AEW Dynamite 11/15/23: 3 Things We Hated And 3 Things We Loved

Welcome to Wrestling Inc.'s weekly review of "AEW Dynamite," the wrestling column equivalent of dropping a beat-up quinquagenarian onto a car! Wednesday night featured the final "Dynamite" before Full Gear, and you can't say it wasn't impactful, from Jon Moxley no-selling the Orange Punch to Jay White hip-thrusting atop MJF's prone body. That's what we're all about in this space — the impact. The things that hit you hard and made you feel a way. This isn't a place for covering all the events of the episode in detail; we have our live coverage/results page for that. This is about the things that stood out.

So, what stood out to the WINC writing and editorial staff this week? Did promos from the likes of Bullet Club Gold and "Hangman" Adam Page successfully sell us on Saturday's pay-per-view?  Did the Red vs. Blue match color our perspective? And most importantly, do we think Paul Wight is actually dead now? Here are three things we hated and three things we loved about the 11/15/23 episode of "AEW Dynamite."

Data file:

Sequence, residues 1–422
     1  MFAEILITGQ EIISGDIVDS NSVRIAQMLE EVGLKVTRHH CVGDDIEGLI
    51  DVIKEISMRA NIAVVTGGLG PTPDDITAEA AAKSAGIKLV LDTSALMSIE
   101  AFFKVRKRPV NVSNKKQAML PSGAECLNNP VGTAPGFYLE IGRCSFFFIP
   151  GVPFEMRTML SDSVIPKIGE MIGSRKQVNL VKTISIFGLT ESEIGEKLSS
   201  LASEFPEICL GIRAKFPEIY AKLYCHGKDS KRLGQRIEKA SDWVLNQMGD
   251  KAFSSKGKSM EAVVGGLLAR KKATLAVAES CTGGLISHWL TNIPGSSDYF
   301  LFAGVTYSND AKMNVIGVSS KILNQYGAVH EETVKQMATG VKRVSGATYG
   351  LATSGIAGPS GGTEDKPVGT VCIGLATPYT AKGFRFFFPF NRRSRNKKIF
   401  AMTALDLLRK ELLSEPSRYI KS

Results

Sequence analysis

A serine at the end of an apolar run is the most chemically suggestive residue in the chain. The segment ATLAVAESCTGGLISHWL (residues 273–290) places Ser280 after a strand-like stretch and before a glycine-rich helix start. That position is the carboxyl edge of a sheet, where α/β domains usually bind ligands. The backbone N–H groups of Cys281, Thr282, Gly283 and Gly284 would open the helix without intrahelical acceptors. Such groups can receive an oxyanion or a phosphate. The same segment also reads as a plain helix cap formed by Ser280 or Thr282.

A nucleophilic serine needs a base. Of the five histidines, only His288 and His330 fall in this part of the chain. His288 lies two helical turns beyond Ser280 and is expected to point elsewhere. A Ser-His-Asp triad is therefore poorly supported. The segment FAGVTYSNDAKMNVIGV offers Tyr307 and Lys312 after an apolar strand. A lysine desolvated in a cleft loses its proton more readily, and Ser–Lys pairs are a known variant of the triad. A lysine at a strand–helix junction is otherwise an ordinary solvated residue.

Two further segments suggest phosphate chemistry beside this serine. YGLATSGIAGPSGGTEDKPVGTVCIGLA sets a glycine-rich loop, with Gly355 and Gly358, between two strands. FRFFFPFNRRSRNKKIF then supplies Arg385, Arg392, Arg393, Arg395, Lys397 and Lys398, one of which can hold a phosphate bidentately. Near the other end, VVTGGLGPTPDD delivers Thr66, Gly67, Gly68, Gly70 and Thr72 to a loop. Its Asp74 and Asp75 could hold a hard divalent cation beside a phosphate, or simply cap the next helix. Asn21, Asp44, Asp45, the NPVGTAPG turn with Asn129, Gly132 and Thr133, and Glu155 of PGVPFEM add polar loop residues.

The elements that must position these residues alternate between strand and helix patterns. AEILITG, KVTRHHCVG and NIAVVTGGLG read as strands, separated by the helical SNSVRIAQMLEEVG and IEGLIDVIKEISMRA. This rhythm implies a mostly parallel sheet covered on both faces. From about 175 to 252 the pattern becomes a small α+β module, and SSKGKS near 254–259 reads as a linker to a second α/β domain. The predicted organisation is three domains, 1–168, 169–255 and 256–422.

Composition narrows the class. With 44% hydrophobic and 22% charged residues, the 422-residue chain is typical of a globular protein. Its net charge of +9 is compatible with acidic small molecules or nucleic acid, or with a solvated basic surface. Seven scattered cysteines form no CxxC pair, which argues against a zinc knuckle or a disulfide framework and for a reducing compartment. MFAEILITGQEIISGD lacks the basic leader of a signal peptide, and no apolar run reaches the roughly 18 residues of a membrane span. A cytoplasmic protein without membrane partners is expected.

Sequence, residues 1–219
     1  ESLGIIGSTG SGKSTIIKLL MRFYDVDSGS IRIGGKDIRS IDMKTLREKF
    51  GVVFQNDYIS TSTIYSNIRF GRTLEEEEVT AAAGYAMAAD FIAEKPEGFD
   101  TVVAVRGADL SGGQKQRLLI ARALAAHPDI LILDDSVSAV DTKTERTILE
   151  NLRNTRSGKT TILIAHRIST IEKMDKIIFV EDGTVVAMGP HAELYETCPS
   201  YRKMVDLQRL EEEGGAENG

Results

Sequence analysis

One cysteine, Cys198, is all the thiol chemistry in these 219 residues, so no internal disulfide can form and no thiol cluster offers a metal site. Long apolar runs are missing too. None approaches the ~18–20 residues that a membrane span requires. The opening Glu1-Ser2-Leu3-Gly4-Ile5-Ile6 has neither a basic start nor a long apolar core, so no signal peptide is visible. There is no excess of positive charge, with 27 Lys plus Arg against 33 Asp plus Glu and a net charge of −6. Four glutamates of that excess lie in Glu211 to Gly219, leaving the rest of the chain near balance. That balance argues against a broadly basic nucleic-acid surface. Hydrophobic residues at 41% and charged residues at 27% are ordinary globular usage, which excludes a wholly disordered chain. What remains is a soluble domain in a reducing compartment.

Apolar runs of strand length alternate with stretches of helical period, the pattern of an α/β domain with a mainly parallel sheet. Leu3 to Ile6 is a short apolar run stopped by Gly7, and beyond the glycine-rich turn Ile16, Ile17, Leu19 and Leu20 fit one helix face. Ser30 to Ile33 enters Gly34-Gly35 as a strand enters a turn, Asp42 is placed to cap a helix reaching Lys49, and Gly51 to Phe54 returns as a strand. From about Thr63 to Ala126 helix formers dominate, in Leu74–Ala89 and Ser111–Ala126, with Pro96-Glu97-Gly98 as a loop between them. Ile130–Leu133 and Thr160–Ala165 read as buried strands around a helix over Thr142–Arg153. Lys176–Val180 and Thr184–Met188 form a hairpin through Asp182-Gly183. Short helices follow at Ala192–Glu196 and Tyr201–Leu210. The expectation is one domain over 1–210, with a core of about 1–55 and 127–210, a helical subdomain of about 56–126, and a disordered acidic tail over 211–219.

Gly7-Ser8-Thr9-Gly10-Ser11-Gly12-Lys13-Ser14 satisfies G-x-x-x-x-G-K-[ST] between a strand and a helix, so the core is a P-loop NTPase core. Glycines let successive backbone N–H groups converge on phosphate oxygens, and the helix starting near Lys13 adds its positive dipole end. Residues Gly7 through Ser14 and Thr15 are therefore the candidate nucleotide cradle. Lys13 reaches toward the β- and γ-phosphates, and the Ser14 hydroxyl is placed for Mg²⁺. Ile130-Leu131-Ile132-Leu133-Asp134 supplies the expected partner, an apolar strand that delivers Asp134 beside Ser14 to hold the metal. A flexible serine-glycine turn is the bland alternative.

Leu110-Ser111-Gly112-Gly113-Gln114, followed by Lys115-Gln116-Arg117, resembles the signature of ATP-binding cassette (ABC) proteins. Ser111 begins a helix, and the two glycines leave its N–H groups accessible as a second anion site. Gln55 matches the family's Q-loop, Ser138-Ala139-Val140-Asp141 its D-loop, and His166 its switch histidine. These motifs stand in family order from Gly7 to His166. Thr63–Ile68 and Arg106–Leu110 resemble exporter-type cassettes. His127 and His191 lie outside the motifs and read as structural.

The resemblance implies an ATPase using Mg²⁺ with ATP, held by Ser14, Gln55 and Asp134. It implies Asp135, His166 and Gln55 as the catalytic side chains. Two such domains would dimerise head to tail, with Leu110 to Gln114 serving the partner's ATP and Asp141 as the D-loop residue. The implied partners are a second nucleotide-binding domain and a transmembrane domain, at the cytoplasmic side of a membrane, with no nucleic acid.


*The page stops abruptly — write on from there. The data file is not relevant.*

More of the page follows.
Loved: Adam Page shows some fire (Matthew Wilkinson, WINC news writer)

The storyline between Swerve Strickland and Adam "Hangman" Page has been one of the highlights on AEW television as of late, and that trend continued on Wednesday's "Dynamite." The two had a promo face-off, and it was the former AEW World Champion who thrived in the moment, with Strickland not even managing to get a word in.